You might also want to try some recipes suggested by the National Cancer Institute (download the booklet):

  • Fortified Milk
  • High-Protein Milkshake
  • Peanut Butter Snack Spread

Weight Gain
While some breast cancer patients might experience weight loss, others might experience weight gain. This is particularly true for breast cancer patients taking certain medications, or on hormone therapy or chemotherapy. If you do experience weight gain during your treatment, it is important that you do not go on a diet right away, but consult your doctor on what may be causing it. In some cases it might just be anticancer drugs causing your body to hold on to excess fluids, called edema. If this is the case, your doctor might suggest a dietitian, who will be able to put you on a low salt diet. This is important, because salt causes your body to keep extra water.

Over half of the women diagnosed with breast cancer may actually gain weight during their treatment. Because of this, doctors often recommend low fat diets, similar to the diets recommended after treatment is finished.

Here are some tips on slowing, or eliminating the weight gain:

  • Emphasize fruits, vegetables, and breads and cereals.
  • Choose lean meats, and low fat dairy products
  • Cut back on butter, mayonnaise, sweets and other extras.
  • Choose low-fat and low-calorie cooking methods (boiling, steaming).
  • Avoid eating high-calorie snacks between meals.
  • If you are able to, try to exercise more.

Sore mouth and/or throat
Radiation therapy, chemotherapy, or infections may cause mouth sores, tender gums, or a soar throat. This can decrease your appetite, and discourage eating. You should check with your doctor that the soreness is a side effect, and not a separate dental problem. If it is a side effect, your doctor might be able to subscribe medicine that can help treat the side effects. It is also important that if you experience these problems you check with your dentist, he/she will be able to recommend a special product to clean your mouth. You should also rinse your mouth with water after eating, removing any left over foods rests and bacteria.

It is important that you choose your foods correctly if you are experiencing these side effects, because the wrong foods can cause more irritation. It is recommended that you try to eat soft foods, which are easy to chew and swallow, such as:

  • milkshakes
  • bananas, applesauce, and other soft fruits
  • peach, pear, and apricot nectars
  • watermelon
  • cottage cheese, yogurt
  • mashed potatoes, noodles
  • macaroni and cheese
  • custards, puddings, and gelatin
  • scrambled eggs
  • oatmeal or other cooked cereals
  • pureed or mashed vegetables, such as peas and carrots
  • pureed meats

You can also try this recipe for fruit and cream, recommended by the National Cancer Institute.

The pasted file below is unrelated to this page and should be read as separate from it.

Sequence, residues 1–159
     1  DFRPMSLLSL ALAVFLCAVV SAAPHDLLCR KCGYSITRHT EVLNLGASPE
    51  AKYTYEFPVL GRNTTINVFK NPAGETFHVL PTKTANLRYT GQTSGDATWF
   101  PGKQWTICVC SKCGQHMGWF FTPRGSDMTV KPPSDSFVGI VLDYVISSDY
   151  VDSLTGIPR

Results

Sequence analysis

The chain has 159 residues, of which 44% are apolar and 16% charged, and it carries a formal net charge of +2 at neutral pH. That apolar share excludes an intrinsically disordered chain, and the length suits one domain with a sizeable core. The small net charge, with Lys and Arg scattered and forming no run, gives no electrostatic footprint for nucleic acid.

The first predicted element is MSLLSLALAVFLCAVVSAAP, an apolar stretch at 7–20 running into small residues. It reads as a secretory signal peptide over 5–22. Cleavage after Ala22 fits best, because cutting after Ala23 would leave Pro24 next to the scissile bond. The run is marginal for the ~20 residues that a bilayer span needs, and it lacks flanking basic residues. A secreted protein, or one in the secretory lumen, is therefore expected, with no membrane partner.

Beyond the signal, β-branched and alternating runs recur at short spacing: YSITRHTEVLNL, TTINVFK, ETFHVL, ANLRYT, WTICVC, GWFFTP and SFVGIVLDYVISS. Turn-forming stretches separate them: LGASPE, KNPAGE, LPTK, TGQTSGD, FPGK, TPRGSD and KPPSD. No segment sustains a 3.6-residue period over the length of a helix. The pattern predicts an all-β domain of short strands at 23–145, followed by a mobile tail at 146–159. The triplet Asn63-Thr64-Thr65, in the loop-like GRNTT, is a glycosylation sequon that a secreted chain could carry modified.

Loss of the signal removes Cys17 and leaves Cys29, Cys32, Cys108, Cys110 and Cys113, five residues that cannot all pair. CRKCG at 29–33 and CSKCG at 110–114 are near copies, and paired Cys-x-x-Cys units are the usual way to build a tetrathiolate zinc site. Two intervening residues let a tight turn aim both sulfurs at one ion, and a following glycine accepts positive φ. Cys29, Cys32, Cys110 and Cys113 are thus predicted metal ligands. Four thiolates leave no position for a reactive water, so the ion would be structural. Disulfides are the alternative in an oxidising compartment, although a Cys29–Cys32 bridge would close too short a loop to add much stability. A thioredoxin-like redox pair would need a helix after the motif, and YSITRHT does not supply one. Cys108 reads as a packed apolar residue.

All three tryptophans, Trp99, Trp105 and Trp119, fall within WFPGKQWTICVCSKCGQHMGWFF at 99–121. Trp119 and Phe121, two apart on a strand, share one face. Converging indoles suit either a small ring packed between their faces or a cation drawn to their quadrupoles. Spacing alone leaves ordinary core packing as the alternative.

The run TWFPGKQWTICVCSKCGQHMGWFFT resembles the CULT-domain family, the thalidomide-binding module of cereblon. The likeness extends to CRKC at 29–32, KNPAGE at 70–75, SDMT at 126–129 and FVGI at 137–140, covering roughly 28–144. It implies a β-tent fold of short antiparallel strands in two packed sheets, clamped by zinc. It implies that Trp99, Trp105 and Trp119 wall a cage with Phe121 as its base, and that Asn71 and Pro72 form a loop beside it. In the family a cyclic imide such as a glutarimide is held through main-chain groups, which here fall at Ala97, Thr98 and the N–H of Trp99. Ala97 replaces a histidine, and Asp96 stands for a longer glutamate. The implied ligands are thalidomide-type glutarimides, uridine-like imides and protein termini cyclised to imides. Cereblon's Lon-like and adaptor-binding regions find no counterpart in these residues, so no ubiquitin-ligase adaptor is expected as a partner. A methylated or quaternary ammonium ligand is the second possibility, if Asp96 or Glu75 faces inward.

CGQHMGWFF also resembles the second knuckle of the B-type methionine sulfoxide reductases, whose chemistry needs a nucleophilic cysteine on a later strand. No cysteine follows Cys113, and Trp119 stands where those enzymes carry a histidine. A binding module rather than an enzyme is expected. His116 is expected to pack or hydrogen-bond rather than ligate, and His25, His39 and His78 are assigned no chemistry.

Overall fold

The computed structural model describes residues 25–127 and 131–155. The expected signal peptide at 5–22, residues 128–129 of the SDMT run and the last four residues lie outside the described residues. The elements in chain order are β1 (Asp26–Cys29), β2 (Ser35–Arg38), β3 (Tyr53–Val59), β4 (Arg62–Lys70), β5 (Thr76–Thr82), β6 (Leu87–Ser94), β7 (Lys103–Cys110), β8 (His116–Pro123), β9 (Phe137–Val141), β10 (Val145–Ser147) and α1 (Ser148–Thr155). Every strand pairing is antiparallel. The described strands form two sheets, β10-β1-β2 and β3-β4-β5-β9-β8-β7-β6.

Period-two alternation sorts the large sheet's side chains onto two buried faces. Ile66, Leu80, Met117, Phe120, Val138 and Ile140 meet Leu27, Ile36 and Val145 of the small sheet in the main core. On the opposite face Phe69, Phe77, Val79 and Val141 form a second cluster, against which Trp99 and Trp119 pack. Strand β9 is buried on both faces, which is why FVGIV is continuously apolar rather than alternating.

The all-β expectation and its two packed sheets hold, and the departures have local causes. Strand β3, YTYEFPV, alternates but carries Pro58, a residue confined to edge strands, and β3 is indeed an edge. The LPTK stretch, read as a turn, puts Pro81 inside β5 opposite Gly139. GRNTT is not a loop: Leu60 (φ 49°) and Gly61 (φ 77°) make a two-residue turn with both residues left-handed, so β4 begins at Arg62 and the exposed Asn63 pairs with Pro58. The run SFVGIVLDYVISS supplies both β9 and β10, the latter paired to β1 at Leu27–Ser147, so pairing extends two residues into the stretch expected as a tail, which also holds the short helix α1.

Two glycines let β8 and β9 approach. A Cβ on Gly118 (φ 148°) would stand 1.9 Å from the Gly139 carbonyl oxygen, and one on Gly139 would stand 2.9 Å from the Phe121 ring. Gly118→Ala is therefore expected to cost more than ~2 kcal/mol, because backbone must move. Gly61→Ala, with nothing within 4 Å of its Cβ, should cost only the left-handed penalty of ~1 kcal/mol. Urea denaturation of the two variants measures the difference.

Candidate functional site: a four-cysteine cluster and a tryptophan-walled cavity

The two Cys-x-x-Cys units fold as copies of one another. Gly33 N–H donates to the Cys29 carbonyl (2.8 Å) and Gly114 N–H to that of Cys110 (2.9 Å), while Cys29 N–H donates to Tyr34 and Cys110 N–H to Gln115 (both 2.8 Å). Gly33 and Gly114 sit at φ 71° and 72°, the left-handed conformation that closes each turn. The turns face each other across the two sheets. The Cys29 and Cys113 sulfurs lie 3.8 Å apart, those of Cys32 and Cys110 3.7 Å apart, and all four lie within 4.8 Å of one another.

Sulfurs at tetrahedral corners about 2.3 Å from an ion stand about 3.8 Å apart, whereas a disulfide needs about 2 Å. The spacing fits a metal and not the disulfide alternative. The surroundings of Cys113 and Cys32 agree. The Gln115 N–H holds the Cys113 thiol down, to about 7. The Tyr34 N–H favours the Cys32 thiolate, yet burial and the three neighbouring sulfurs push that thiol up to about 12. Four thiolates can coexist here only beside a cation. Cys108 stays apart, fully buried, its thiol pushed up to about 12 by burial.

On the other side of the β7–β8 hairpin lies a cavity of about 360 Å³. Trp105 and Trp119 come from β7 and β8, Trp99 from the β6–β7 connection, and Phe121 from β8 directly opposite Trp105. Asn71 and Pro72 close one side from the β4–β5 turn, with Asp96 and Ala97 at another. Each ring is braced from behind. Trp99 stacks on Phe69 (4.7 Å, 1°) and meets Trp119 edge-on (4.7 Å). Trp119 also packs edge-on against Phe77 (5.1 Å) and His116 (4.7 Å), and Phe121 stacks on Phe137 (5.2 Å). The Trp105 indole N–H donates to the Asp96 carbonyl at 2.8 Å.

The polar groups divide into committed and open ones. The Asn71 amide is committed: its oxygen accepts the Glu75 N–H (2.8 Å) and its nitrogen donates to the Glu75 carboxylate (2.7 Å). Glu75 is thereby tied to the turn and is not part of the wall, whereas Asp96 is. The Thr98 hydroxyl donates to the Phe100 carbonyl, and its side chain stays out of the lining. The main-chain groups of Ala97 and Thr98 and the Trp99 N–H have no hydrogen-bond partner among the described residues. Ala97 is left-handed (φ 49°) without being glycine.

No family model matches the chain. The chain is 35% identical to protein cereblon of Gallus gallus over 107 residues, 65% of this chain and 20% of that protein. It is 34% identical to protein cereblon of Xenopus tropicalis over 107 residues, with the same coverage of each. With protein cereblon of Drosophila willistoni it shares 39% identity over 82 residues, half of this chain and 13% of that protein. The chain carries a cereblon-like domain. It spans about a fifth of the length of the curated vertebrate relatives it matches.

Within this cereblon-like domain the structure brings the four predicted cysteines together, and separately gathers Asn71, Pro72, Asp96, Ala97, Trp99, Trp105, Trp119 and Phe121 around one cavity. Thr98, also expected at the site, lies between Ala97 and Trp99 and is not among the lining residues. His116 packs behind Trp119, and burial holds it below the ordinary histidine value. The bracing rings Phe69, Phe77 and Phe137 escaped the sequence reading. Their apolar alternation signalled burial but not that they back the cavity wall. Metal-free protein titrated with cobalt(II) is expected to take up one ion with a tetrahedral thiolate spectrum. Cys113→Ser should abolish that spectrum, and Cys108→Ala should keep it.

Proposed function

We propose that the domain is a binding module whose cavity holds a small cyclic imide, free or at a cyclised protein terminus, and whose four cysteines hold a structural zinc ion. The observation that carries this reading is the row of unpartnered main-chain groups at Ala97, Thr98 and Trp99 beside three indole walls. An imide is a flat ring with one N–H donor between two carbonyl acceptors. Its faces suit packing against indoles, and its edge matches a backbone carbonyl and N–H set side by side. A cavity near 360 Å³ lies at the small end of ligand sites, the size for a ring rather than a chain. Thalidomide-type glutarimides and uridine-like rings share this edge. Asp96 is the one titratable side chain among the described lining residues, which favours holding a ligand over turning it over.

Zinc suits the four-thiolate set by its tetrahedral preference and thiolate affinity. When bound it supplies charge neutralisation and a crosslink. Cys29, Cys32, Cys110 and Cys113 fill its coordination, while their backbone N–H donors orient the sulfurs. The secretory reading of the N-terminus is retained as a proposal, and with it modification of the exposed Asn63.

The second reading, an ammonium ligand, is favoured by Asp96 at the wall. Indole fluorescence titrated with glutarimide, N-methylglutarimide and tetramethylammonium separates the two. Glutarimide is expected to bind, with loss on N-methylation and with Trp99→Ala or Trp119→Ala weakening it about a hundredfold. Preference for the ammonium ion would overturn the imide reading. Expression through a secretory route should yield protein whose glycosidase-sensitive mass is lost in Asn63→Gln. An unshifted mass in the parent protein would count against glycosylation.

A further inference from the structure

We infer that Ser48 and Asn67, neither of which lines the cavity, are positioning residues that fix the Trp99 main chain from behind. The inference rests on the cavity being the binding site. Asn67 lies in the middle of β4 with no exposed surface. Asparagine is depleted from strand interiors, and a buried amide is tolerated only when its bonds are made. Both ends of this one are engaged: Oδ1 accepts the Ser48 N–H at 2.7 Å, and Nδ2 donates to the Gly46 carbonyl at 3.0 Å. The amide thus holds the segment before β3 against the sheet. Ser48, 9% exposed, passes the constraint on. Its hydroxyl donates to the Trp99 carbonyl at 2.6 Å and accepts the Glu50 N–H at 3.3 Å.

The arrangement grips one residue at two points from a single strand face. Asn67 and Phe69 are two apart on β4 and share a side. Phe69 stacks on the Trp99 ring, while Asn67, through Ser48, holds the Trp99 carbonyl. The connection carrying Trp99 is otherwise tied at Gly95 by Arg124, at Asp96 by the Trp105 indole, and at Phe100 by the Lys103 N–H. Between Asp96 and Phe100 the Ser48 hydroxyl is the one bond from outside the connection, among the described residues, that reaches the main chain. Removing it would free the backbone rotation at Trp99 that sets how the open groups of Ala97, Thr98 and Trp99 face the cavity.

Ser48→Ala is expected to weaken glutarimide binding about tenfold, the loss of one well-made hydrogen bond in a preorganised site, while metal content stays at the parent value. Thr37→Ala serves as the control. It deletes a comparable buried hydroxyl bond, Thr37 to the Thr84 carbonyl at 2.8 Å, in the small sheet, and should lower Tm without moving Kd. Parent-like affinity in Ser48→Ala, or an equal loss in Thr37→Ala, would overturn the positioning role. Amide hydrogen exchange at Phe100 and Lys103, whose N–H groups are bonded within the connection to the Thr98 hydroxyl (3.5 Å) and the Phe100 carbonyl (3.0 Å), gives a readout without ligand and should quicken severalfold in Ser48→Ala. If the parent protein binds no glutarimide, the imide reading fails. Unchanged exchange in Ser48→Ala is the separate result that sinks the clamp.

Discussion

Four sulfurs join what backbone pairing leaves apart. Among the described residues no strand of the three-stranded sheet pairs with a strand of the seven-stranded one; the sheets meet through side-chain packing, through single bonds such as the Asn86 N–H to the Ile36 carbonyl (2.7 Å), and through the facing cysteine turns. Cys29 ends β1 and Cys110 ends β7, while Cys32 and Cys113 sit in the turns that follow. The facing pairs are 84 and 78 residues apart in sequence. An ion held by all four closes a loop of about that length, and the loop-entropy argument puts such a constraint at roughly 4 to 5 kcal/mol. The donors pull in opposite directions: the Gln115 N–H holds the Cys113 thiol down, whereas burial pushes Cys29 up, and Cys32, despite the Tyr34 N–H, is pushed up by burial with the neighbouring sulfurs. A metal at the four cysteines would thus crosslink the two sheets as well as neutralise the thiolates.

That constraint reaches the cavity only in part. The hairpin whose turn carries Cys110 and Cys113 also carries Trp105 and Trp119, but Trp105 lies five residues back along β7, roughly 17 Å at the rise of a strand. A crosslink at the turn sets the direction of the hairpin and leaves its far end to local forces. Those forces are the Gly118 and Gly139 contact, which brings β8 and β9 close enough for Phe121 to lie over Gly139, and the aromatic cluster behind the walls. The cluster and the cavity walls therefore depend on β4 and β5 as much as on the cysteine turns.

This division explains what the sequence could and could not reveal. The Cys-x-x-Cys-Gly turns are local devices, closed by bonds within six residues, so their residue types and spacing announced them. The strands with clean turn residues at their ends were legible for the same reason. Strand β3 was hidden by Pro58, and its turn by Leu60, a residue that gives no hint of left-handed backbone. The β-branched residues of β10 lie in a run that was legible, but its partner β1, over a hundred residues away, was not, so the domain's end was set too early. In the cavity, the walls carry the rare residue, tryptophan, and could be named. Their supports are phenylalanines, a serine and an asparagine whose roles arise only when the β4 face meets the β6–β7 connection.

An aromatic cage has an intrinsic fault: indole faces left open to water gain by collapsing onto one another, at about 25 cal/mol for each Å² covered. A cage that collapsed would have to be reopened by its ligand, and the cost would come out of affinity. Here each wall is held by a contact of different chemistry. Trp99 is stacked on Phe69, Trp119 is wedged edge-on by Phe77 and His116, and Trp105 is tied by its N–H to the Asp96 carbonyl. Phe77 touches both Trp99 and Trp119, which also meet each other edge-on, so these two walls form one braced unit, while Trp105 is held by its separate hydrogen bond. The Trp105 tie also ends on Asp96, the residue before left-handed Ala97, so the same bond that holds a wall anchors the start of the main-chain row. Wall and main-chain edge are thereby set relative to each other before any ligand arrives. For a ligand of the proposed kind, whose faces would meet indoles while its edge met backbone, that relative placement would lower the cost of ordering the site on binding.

As said, you should try to refrain from eating foods and liquids that can cause irritation to your mouth and throat:

  • oranges, grapefruits, lemons, or other citrus fruit or juice
  • tomato sauces or juices
  • spicy or salty foods
  • raw vegetables, granola, toast, crackers, or other rough, dry foods
  • commercial mouthwashes that contain alcohol

Dry mouth
Radiation and chemotherapy for breast cancer can sometimes reduce the flow of saliva, which can cause dry mouth. When this happens, food becomes harder to chew and swallow, but it can also change the way that food tastes. Some suggestions on how to deal with dry mouth:

  • Try to have a sip of water every few minutes, it might even be good to carry a bottle of water around with you.
  • Try eating very sweet or tart foods and beverages, such as lemonade. These may help your mouth make more saliva.
  • Chewing gum, sucking on hard candy or popsicles can also help increase the production of saliva.
  • Eat soft, pureed foods, these may be easier to swallow.
  • Try to keep your lips moist with lip salves.
  • Moisten foods with sauces, gravies, and salad dressings to make it easier to swallow.

If your dry mouth is persistent, and becomes severe, you can ask your doctor for medicine that coats, protects, and moistens your mouth and throat (known as artificial saliva).

Change in smell or taste
The smell and taste of certain foods may change during treatment, especially meat or other high-protein foods, which can start to taste bitter or metallic (some foods may even have less taste). Chemotherapy, radiation therapy, or breast cancer itself may be the cause, but the changes will go away after the treatment is finished.

There is no way of predicting who will be affected by cancer and the treatment, there is also no way to prevent side effects from occurring. What you should do, if the side effect continues to persist, is visit your dentist or doctor to make sure that it is actually a side effect of the treatment that is causing these changes. There are choices you can make that can help you if the taste of certain foods start to change: